I merely did a linear extrapolation based on the following:TheMarcksPlan wrote: ↑06 Jan 2022 20:06I don't quite understand the calculations. From the endurance vs. speed columns I infer you're roughly tracking endurance as correlated to [1 / speed^2]? Horsepower (therefore battery drain) moves roughly with the cube of speed (that's rough because many smaller factors are present such as battery draw efficiency, Reynolds number and therefore friction coefficient, propeller cavitation).
- the measured performance of U 3507 in its final configuration as stated on de.wikipedia.org/wiki/U-Boot-Klasse_XXI
- the fact/assumption that at submerged speed of 6kn a XXI could go 256nm while a XXIX H would go 120nm.
In short: I multiplied the performance (submerged range@speed) of a XXI by the factor 0.469 to arrive at the performance of the XXIX H.
Please use deepL.com to machine translate the German language wikipedia article on Typ XXI. It is very good and comprehensive, because it is mainly based on the books by Eberhard Rössler, the German expert author on Uboats.TheMarcksPlan wrote:I didn't catch this. In the article you linked? I wonder if this really would have worked...kfbr392 wrote:- ability to snorkel at flank speed
You will see that the XXI telescoping snorkel had some serious design flaws. It had too small diameter and was not rigid enough, leading to vibrations at certain snorkel speeds. Plus the periscopes could not be used at underwater speeds of >8kn due to vibrations.
This would not have been the case in XXIX H, which would have used a folding snorkel which stabilized the periscope (a so called "Sehrohrschnorchel" - periscope snorkel). In fact, it probably could have been used very much like a weaving, alternatingly snorkeling and deep-diving Schnellboot to break through the convoy screen at night!
Please read the German wiki page on this issue also.TheMarcksPlan wrote:Your linked article says depth undetermined. It's not necessarily true that circles have greater crush depth - depends on how strongly-built something is.kfbr392 wrote:- greater diving depth (due to circular pressure hull)
The strength of the figure-8 hull of the XXI could not be calculated reliably beforehand and it turned out later that it could not dive deeper than a VII because of that.
True.TheMarcksPlan wrote:What about Caribbean ops? The first T21 was on its way there when the war ended... And South Atlantic, Indian Ocean.kfbr392 wrote:- only one type needed (XXIX H) instead of 2 (XXI and XXIII); massive economies of scale
You might say ignore the peripheral theaters but enables the Allies to concentrate all their ASW in the North Atlantic.
But that is where traffic is concentrated and where the war is won or lost. And successful patrols there mean more Allied tonnage sunk/day/boat.
The boats need to march undetected to north of Ireland, find a convoy, break through the screen, fire the 6 ready torpedoes, disengage, then return to port; use the 4 reloads to target DEs, targets of opportunity, and damaged stragglers. Short patrols of less than 20 days, like in the fall of 1940, close to England. With substantial numbers of XXIX's.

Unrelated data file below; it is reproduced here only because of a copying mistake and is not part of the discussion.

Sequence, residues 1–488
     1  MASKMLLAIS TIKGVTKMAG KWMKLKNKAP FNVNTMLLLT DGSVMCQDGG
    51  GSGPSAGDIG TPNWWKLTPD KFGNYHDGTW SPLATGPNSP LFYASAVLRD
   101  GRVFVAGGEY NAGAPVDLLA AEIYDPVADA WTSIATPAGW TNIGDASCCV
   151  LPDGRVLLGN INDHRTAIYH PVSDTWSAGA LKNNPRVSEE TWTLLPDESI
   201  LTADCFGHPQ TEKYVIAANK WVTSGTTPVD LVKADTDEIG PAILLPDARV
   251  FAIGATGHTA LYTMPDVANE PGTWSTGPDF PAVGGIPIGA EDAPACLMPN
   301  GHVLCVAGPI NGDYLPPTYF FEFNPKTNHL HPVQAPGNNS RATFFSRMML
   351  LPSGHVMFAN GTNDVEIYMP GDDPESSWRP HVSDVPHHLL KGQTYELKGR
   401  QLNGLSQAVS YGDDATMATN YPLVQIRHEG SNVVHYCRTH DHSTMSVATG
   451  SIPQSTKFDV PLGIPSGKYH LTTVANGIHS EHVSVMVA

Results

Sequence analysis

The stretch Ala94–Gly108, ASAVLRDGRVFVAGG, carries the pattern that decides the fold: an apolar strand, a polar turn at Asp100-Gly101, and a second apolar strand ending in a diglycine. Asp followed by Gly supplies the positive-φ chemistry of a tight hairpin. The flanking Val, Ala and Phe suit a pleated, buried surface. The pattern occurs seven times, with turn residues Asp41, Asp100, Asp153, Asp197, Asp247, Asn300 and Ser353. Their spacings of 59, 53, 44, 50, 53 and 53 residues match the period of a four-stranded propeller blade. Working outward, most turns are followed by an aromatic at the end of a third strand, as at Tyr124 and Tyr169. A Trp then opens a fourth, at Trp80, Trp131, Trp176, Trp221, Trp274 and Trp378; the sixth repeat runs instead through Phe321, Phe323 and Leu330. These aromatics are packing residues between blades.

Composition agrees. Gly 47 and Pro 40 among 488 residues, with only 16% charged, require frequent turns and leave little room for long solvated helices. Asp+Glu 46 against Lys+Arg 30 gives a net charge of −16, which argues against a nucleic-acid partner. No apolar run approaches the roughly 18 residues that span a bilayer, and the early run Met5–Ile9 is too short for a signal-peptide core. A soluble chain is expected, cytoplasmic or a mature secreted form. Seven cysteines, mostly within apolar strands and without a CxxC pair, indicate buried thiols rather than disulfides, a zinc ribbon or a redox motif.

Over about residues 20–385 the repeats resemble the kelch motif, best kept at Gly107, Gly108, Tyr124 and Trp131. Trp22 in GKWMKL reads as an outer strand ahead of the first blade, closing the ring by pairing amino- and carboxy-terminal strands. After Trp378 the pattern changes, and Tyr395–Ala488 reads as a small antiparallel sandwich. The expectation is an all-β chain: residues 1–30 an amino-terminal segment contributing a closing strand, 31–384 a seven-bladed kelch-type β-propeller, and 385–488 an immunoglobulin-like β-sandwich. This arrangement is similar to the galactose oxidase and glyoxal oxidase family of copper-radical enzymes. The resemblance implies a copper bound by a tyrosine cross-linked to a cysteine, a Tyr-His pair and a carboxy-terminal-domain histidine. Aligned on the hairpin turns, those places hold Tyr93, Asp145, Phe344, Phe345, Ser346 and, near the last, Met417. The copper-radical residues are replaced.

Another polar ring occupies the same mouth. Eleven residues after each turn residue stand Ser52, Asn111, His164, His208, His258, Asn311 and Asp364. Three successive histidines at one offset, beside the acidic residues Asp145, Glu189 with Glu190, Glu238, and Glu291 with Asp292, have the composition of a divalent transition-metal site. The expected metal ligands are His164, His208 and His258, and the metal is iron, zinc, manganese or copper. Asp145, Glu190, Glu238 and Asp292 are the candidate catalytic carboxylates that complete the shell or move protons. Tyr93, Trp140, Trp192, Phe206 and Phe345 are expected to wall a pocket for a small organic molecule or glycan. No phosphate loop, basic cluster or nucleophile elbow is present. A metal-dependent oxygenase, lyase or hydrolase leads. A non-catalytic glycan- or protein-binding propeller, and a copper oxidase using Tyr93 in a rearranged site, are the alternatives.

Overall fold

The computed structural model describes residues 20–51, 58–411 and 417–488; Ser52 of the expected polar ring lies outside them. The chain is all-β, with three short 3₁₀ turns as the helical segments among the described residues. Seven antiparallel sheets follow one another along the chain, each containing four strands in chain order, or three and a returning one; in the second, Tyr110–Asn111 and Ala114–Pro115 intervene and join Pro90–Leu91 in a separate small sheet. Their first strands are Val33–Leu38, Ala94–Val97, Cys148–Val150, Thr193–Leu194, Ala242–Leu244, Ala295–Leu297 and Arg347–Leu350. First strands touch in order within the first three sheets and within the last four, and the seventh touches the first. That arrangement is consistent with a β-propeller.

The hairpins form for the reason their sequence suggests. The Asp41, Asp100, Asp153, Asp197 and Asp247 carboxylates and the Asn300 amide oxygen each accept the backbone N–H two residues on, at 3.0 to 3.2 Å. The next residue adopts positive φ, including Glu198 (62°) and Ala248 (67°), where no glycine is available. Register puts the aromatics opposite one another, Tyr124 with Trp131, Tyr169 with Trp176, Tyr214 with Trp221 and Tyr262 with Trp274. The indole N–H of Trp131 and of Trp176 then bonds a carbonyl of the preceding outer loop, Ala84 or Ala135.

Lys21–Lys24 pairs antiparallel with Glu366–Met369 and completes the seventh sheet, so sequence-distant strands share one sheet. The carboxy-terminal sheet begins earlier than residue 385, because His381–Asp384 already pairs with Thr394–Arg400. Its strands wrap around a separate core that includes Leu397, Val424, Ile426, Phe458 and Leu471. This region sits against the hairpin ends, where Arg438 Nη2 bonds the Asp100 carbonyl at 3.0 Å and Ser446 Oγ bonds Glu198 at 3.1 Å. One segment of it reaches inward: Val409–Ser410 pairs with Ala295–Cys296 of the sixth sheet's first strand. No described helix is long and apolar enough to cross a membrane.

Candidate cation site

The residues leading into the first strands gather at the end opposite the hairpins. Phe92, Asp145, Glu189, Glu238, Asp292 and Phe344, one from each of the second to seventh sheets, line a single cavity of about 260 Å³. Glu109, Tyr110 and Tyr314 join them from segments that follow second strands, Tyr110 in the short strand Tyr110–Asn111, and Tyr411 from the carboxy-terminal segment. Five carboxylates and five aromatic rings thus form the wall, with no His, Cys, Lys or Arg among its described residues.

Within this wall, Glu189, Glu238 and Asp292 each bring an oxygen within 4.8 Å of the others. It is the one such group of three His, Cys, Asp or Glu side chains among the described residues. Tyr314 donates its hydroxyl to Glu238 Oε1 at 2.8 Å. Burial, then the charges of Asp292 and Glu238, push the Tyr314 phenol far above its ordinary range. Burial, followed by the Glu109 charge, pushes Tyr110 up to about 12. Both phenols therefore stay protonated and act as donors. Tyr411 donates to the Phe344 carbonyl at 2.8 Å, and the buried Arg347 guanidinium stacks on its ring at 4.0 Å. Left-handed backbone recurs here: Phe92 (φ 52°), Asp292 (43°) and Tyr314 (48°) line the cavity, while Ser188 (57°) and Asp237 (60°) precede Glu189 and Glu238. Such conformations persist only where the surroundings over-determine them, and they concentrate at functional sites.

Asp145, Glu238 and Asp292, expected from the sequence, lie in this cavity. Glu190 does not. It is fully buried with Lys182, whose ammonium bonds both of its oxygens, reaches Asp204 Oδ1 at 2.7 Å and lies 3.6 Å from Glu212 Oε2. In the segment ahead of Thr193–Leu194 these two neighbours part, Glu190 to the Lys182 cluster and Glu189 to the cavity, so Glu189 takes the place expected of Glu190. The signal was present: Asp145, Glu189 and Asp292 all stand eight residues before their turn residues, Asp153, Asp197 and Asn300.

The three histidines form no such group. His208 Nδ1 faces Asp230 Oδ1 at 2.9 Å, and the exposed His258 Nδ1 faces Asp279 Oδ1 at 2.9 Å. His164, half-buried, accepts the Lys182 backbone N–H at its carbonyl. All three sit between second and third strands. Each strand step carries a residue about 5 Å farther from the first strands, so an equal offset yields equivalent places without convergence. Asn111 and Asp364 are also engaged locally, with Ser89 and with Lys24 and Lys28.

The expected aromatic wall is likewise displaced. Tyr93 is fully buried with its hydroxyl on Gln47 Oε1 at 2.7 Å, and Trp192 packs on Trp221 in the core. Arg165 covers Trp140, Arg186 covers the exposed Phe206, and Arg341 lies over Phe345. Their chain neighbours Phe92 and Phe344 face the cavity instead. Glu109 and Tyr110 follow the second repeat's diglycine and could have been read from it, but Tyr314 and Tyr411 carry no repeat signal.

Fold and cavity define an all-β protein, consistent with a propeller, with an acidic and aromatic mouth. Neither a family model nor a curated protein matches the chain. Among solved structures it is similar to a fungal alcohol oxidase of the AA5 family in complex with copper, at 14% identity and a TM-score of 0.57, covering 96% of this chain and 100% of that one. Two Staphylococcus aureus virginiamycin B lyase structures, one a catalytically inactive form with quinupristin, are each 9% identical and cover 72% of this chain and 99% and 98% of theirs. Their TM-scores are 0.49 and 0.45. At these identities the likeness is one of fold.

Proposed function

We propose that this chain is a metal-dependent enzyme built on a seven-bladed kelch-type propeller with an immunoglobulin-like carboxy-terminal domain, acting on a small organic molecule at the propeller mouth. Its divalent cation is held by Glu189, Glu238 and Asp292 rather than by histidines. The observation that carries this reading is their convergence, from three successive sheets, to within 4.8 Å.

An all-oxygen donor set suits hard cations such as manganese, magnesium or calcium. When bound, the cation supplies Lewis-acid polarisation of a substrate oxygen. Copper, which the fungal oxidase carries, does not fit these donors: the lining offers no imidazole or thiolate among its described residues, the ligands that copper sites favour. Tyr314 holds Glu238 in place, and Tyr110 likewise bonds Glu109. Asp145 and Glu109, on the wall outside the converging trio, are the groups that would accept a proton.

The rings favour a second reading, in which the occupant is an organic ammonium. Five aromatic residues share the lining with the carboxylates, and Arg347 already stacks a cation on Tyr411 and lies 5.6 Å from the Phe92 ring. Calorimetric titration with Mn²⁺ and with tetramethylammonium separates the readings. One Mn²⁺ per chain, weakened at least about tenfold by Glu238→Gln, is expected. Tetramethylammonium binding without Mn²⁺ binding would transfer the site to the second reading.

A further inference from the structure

I would argue type XXIX H would have been more effective and survivable than XXI. It could have re-enabled convoy battles in the Western Approaches close to Ireland, an area where uboats have been driven away from since May 1941. According to Rössler, it also featured noise dampening to enable quieter snorkeling, which would have somewhat compensated for its reduced battery capacity.
One XXIX could also shadow an outgoing convoy for days, report its position, evade HUFFDUFF attackers below the surface, and re-enable large scale wolfpack attacks further out in the Atlantic where fewer escorts could be expected.
Additionally, a few XXIX could be sent out further - to Freetown or the US - using older large conventional uboats as milk cows.
But with long patrols, a lot of time is wasted in transit, since these boats (XXI and XXIX) would have marched always submerged at ca. 5-6kn average.
I can see that point also and agree with you that both concepts had their merit.TheMarcksPlan wrote: A final judgment might come down to how much cheaper is the T29 and how many more ships would a T21 kill?
T21's ability to throw out 18 torpedoes in 20 minutes, then evade at higher speed for longer, suggests to me that it might have ~3x the killing power of a T29, which probably will cost at least half as much.
Then again there's other factors (bottlenecks, construction/training time, number of boats at sea and therefore reconnaissance). I'd still probably pick the T21 if given only one choice but I can see the other side of the argument.
The XXIX was conceptualized 15-24 months later than the XXI and thus incorporated some lessons learned from the XXI detailed design and construction.
Also, in parallel to the XXIX, the one-screw Typ XXXI was drawn up in 1944 as a possible successor to the XXI; it had half the number of engines, 75% of the batteries, but still almost the same performance as the XXI. The XXXI too was never built, of course.
This makes it clear that the German officials did not consider the XXI an ideal solution, not even as a boat for long range operations. And definitely not for operations in the North Atlantic.